Children or book, children or books… that quote was something that haunted my days at university and after. I WANTED to write and I WANTED children. Why couldn’t I do/have both? At the time I thought I could. And, actually, I can. But some one – Nietzsche*? – had said otherwise.
And it is really difficult. Books – the writing of them – take part of your soul, your emotional energy, the meaning of your life. They suck you dry, maybe not for ever, but certainly during the process of creation.
And children? Well, they take all of that and more. And not just during the process of creation!
I’m lucky enough to have both – wonderful children (although I’d be happier if they studied more, and tidied their rooms) and four novellas published (under the nom de plume Gillian Villiers). I have written more books and hope to revise and improve on them and write still more in the future.
So is it really a choice? No, it’s not. But those words do have a kernel of truth to them, like many memorable phrases (momento mori is one of my favourites, but that’s for another day). I know some people do manage to write before (almost during) and after the birth of a child. But that’s not for me. I want to be totally engaged in the thing that is most important to me.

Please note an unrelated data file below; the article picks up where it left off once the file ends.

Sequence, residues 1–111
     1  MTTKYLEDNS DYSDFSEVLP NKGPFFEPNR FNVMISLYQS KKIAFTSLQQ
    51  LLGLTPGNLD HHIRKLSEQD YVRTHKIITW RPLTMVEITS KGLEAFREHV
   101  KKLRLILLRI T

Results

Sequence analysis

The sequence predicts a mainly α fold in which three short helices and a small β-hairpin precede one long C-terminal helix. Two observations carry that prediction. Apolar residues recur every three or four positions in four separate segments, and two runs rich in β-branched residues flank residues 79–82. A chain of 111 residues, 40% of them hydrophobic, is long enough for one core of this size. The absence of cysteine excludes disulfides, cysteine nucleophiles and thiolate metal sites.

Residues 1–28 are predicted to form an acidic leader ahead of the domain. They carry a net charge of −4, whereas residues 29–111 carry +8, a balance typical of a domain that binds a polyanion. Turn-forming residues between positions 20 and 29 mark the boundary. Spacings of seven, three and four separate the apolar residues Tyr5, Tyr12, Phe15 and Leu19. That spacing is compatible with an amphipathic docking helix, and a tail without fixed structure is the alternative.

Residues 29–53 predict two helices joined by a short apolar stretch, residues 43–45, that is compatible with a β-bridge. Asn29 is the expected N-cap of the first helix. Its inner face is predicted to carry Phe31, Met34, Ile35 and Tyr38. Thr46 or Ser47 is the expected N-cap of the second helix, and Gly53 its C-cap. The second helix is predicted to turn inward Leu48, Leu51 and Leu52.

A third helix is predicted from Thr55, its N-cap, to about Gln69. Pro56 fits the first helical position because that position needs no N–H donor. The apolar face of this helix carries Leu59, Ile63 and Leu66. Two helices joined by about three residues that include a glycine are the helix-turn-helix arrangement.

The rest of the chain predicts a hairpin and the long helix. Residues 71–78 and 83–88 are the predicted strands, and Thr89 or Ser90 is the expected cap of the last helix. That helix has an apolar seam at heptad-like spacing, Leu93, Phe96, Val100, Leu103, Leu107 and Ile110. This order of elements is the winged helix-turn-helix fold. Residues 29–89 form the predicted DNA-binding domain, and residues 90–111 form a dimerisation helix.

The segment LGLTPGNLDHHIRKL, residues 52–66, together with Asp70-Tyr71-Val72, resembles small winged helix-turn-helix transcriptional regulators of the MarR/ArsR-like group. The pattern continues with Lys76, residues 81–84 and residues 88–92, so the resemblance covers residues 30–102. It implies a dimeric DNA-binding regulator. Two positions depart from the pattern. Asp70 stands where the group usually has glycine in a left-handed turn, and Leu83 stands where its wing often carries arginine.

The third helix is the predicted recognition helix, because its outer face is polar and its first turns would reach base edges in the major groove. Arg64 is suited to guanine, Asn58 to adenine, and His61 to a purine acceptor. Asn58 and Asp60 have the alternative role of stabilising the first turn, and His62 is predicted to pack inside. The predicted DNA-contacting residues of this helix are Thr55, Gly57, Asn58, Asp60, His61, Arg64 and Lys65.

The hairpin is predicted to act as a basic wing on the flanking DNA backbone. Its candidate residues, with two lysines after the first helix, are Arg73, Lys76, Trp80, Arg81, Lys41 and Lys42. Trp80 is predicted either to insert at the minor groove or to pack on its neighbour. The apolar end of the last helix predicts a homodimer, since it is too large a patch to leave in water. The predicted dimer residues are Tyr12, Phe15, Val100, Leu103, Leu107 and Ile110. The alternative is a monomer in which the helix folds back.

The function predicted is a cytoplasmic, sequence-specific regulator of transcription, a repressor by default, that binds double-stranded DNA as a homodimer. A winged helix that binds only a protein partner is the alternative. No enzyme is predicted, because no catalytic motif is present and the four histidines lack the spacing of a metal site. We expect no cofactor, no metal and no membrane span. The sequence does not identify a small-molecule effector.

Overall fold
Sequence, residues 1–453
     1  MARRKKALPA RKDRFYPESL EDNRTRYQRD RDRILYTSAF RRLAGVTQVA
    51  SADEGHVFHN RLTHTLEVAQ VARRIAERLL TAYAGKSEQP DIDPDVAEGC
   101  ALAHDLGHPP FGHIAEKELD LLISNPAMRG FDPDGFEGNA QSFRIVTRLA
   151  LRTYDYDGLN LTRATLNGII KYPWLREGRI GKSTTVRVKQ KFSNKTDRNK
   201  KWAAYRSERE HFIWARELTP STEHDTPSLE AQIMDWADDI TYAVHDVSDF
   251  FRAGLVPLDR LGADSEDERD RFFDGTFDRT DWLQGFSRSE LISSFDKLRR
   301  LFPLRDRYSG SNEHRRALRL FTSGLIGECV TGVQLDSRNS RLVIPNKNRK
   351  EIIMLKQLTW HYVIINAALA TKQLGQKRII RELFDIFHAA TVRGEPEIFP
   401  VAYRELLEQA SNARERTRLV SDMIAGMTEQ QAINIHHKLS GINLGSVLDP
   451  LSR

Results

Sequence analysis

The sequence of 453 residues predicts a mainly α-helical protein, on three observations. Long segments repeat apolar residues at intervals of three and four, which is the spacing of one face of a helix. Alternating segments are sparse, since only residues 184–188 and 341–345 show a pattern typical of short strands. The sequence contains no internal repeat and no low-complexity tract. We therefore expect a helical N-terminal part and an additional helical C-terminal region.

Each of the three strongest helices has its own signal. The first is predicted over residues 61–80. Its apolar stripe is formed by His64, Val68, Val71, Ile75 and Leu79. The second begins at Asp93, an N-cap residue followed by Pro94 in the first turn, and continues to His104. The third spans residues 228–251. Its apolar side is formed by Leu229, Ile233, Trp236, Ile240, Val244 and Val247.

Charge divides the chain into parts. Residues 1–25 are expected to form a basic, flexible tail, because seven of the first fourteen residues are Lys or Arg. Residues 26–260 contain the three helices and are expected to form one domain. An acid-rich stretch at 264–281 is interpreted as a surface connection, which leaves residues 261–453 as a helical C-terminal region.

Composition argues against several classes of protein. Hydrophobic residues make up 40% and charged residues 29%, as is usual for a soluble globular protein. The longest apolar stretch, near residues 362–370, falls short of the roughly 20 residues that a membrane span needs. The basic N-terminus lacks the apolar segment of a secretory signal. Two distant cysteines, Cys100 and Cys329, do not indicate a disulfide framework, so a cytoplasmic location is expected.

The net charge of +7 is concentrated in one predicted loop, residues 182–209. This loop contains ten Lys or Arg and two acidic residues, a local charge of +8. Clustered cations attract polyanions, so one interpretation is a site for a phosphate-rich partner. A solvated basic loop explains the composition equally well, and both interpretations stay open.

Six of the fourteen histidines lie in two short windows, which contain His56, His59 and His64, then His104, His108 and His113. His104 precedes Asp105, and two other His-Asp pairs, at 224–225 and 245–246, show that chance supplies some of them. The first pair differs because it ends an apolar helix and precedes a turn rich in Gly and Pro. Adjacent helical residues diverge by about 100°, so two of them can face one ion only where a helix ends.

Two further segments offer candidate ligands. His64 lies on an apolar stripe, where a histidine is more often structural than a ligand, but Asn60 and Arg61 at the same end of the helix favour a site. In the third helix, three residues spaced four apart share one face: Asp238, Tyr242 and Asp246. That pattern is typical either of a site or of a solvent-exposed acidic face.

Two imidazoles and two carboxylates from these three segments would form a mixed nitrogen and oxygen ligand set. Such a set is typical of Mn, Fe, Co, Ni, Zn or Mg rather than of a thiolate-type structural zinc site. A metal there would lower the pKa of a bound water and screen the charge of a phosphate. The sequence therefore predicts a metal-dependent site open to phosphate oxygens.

When my children were young, that was my children. But now they’re not so young, there’s time for me – and my books.
And what particularly interests me at the moment are books for children. Maybe that’s the perfect way to combine my two passions?
* I checked with a good friend from university to see if she could remember who this quote was from, and she also thought it was Nietzsche. However, despite extensive searches on the web, I can’t actually find it. If anyone does know the origin, I’d be delighted to hear. And, in the meantime, here are two other quotes from Friedrich Nietzsche:
And if you gaze for long into an abyss, the abyss gazes also into you.
Do whatever you will, but first be such as are able to will.
Pretty good, I think.